Home Secretary Theresa May said the "sickening and barbaric" murder of Fusilier Rigby "united the entire nation in condemnation".
Assistant Commissioner Cressida Dick, the head of the Met's specialist operations, said justice had been done.
"This horrific attack, which took place in broad daylight on the streets of London, shocked the country and was intended to divide communities. It had largely the opposite effect and has, in fact, brought people together," she said.
Lt Col Jim Taylor described the 25-year-old, who was with Second Battalion, the Royal Regiment of Fusiliers, as "a true warrior" and called his death "a cruel tragedy".
"Fusilier Rigby was a highly dedicated and professional soldier. He was one of the true characters within the Second Fusiliers and he is missed greatly," he said.
Farooq Murad, secretary general of the Muslim Council of Britain, said: "Muslim communities then, as now, were united in their condemnation of this crime. This was a dishonourable act and no cause justifies cold-blooded murder."
The jury heard the men chose their victim because he was "the soldier that was spotted first".'Allah's enemies'
In a police interview Adebolajo said he and Adebowale decided to lie in wait near the barracks and targeted Fusilier Rigby because he was wearing a Help for Heroes hooded top and carrying a camouflage rucksack.
The attack occurred on a busy street, witnessed by shocked onlookers. A number of women - such as Amanda Donnelly-Martin - approached Fusilier Rigby, who was lying in the road, and attempted to comfort him, but he was already dead.
Adebolajo handed Ms Donnelly-Martin a handwritten letter containing a speech about fighting "Allah's enemies" and bringing "carnage" to London's streets.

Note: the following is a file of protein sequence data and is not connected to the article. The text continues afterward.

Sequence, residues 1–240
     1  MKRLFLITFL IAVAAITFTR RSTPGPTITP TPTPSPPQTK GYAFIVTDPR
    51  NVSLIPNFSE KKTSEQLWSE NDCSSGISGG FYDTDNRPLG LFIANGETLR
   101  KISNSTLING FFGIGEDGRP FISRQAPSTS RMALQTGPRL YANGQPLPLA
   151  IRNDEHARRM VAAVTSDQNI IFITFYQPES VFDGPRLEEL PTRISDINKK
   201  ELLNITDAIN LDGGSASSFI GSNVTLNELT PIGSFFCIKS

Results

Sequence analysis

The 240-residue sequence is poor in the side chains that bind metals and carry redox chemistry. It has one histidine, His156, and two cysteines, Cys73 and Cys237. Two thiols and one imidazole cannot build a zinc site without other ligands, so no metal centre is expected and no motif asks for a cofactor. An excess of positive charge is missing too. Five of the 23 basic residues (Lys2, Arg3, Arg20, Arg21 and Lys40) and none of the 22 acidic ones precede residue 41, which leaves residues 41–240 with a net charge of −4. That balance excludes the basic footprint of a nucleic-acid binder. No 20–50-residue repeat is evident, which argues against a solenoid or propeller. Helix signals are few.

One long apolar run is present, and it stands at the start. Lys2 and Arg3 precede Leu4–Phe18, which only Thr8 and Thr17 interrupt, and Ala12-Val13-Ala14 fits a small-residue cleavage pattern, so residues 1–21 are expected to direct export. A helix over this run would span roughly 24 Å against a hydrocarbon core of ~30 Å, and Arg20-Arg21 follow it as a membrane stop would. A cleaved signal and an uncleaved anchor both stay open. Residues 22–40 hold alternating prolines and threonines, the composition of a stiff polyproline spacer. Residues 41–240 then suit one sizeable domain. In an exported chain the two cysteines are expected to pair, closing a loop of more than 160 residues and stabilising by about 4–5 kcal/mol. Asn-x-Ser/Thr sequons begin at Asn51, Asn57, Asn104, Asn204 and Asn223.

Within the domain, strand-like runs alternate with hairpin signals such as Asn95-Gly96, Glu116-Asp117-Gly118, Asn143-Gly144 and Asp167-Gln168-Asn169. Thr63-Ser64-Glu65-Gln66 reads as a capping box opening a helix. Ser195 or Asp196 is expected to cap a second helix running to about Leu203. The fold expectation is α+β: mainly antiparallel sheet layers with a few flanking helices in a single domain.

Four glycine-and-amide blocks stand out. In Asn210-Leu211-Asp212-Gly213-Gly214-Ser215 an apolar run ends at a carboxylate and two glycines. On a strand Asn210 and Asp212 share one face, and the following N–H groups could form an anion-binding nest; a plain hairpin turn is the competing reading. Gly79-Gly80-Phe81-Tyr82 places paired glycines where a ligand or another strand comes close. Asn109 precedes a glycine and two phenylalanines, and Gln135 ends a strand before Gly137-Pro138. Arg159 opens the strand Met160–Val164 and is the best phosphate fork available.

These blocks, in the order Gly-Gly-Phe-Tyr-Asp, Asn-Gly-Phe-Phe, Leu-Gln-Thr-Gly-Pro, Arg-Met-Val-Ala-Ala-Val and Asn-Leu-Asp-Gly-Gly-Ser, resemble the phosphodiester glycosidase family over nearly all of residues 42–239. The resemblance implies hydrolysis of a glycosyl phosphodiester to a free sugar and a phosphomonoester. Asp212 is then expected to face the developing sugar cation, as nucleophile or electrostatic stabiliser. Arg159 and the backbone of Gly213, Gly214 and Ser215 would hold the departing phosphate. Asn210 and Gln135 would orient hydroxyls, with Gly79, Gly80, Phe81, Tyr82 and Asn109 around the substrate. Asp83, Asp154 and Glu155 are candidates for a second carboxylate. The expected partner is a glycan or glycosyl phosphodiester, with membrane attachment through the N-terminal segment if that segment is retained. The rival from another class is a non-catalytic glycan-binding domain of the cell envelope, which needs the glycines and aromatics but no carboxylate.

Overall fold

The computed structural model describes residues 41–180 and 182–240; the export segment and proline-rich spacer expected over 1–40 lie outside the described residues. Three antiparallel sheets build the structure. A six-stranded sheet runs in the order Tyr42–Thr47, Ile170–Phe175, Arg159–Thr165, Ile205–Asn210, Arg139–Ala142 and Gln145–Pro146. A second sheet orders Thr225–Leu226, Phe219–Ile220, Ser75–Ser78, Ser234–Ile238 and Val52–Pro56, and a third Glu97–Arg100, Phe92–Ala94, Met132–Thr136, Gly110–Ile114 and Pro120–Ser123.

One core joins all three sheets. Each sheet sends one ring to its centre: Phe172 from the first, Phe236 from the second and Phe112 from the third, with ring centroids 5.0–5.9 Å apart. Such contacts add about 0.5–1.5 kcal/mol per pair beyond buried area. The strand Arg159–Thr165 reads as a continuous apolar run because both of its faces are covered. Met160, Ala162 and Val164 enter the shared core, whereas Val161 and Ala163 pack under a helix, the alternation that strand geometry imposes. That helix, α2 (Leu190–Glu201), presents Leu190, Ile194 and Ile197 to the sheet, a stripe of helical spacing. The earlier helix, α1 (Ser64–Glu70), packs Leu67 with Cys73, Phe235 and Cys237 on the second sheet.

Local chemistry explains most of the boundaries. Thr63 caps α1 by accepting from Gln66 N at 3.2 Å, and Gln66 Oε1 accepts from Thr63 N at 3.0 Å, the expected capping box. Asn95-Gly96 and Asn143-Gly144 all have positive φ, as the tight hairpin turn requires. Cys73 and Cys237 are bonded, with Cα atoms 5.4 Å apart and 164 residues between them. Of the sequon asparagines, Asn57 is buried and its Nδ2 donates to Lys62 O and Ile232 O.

The murderers were also armed with a gun - 90 years old and unloaded - which they used to frighten off members of the public before armed police arrived at the scene.
As a police vehicle approached, both men rushed towards it, with Adebolajo raising the meat cleaver above his head and Adebowale waving the firearm.'Acted appropriately'
Both men were shot by police in scenes captured by CCTV. Officers then administered first aid on the two men before they were taken to hospitals in south London.
The two men denied attempting to kill police, saying they had wanted armed officers to shoot them dead so they could "achieve martyrdom".
Meanwhile, an investigation by the Independent Police Complaints Commission (IPCC) has concluded the police officers who shot the men "acted appropriately to the immediate threat" posed.
After studying CCTV footage and mobile footage filmed by a witness "frame by frame, it is incontrovertible that these officers found themselves in an extremely volatile situation confronted by two men, who had just killed someone, armed with knives, a meat cleaver and a firearm in a public place," the IPCC said in a statement.
It added: "It is a testament to the officers' professionalism that once the men were incapacitated they immediately set about providing first aid to them."
The IPCC's findings could not be made public until the conclusion of the trial.
Members of the public have been laying tributes to Fusilier Rigby outside Woolwich barracks near to where the soldier was killed.